Your article, "Foreign nationals denied access" (FE Focus November 2) fails to recognise that our recent English for speakers of other languages (Esol) reforms are actually designed to tackle waiting lists and make it easier for people to access English language provision.
It is also wrong to say that our priority of meeting targets for adults learning level two qualifications has the consequence of causing a contraction in the number of language classes. Such provision at all levels remains a priority. We continue to support the lower levels, not least because this can offer an important route on to the higher level target-bearing provision. Since August, funding has been reprioritised towards people in the most vulnerable and disadvantaged groups. It is certainly true - and, indeed, I believe only fair - that those who are able to pay for Esol do so. However, this will be at most 37.5 per cent, with the Government paying for at least 62.5 per cent. Employers will contribute to the cost of language provision too.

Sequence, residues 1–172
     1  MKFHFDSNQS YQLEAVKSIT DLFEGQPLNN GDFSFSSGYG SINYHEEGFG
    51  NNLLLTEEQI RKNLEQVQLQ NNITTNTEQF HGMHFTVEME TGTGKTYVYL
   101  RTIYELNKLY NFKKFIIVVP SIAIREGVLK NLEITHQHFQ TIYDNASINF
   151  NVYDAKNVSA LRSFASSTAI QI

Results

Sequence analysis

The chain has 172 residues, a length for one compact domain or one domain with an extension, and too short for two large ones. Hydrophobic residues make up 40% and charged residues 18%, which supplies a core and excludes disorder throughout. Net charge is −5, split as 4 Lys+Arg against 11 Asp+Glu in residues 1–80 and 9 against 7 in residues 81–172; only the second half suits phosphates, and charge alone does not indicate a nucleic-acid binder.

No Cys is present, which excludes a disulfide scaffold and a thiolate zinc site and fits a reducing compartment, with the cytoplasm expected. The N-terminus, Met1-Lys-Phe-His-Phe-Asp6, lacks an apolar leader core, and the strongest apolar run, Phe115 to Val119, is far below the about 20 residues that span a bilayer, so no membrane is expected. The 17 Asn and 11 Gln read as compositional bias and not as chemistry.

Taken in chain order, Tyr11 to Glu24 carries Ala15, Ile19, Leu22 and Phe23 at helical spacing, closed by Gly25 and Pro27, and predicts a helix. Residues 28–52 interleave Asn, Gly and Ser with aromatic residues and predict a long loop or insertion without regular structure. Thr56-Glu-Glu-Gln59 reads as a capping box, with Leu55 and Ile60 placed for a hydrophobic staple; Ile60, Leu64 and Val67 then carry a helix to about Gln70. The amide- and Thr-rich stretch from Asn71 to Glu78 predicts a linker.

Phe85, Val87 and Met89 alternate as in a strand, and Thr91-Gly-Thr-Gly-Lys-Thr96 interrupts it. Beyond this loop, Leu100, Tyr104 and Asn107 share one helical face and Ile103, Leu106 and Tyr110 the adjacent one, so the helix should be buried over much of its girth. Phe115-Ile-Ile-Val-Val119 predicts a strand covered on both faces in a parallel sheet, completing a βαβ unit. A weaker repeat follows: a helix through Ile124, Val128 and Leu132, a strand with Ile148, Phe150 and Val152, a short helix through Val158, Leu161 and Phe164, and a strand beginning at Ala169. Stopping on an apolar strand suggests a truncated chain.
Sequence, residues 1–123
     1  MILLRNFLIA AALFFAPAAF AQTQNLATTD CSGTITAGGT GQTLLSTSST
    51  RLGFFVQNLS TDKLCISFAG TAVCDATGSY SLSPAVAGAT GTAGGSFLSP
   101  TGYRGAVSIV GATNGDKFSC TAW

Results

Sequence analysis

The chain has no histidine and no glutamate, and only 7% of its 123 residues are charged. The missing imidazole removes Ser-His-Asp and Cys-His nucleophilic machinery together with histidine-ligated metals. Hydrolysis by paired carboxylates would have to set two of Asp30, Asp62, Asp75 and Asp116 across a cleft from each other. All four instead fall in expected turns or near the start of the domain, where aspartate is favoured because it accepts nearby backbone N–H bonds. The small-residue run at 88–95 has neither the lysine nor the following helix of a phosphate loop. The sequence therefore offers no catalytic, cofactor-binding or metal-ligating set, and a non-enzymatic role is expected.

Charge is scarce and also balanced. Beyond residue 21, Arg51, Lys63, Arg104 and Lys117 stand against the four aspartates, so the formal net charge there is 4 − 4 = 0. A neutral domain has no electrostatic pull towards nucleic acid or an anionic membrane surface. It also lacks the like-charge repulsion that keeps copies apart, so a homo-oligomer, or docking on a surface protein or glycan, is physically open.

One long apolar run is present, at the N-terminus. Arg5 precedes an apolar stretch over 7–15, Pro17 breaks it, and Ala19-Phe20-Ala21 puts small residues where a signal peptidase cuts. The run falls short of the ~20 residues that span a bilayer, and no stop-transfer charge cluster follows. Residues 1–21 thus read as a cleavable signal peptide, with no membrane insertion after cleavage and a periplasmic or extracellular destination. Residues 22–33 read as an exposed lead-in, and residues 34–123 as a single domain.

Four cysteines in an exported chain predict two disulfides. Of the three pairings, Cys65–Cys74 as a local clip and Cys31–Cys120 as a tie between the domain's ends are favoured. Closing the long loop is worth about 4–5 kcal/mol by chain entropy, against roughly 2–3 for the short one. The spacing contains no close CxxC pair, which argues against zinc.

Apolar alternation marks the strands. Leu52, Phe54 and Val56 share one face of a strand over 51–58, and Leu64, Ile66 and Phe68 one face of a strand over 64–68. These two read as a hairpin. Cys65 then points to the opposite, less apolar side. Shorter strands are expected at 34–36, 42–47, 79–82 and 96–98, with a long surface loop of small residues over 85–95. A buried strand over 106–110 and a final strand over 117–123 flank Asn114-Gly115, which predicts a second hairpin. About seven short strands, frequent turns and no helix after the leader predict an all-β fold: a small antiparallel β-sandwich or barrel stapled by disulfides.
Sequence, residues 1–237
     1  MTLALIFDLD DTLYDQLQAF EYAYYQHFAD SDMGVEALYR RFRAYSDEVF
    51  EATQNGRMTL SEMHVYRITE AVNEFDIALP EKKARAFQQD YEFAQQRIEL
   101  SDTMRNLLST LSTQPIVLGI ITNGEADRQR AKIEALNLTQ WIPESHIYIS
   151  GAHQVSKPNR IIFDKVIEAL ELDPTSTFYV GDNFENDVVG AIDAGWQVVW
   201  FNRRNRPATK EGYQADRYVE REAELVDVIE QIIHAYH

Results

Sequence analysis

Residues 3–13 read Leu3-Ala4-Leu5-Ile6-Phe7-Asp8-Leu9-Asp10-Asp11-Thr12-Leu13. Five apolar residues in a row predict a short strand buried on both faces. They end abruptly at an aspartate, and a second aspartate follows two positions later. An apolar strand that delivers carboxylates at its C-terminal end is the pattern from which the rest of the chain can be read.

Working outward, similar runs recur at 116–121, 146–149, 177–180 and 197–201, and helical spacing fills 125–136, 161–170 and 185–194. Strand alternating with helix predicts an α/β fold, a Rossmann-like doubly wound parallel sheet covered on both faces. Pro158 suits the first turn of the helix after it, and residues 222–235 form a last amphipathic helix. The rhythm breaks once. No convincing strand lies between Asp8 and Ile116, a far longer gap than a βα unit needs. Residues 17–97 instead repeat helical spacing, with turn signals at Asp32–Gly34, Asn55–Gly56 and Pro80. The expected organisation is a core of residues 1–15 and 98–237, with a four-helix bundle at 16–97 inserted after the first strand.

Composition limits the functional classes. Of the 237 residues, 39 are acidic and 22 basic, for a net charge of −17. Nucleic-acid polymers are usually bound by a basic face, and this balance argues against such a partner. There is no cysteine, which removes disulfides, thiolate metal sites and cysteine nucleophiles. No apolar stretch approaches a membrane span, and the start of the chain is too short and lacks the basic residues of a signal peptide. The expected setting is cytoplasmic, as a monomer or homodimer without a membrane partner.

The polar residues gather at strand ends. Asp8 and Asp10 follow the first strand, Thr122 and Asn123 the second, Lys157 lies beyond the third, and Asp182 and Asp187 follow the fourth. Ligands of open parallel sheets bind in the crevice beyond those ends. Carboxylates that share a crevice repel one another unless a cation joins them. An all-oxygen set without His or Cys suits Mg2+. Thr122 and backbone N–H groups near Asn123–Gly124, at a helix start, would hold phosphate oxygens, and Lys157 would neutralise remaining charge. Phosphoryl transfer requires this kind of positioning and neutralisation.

Immigrants can also benefit from the new Esol for Work qualifications that are now available from eight awarding bodies at entry levels 3 and 1. These new qualifications offer further choice and flexibility for learners as they are less expensive and more job-focused.
Bill Rammell, Minister for lifelong learning, further and higher education.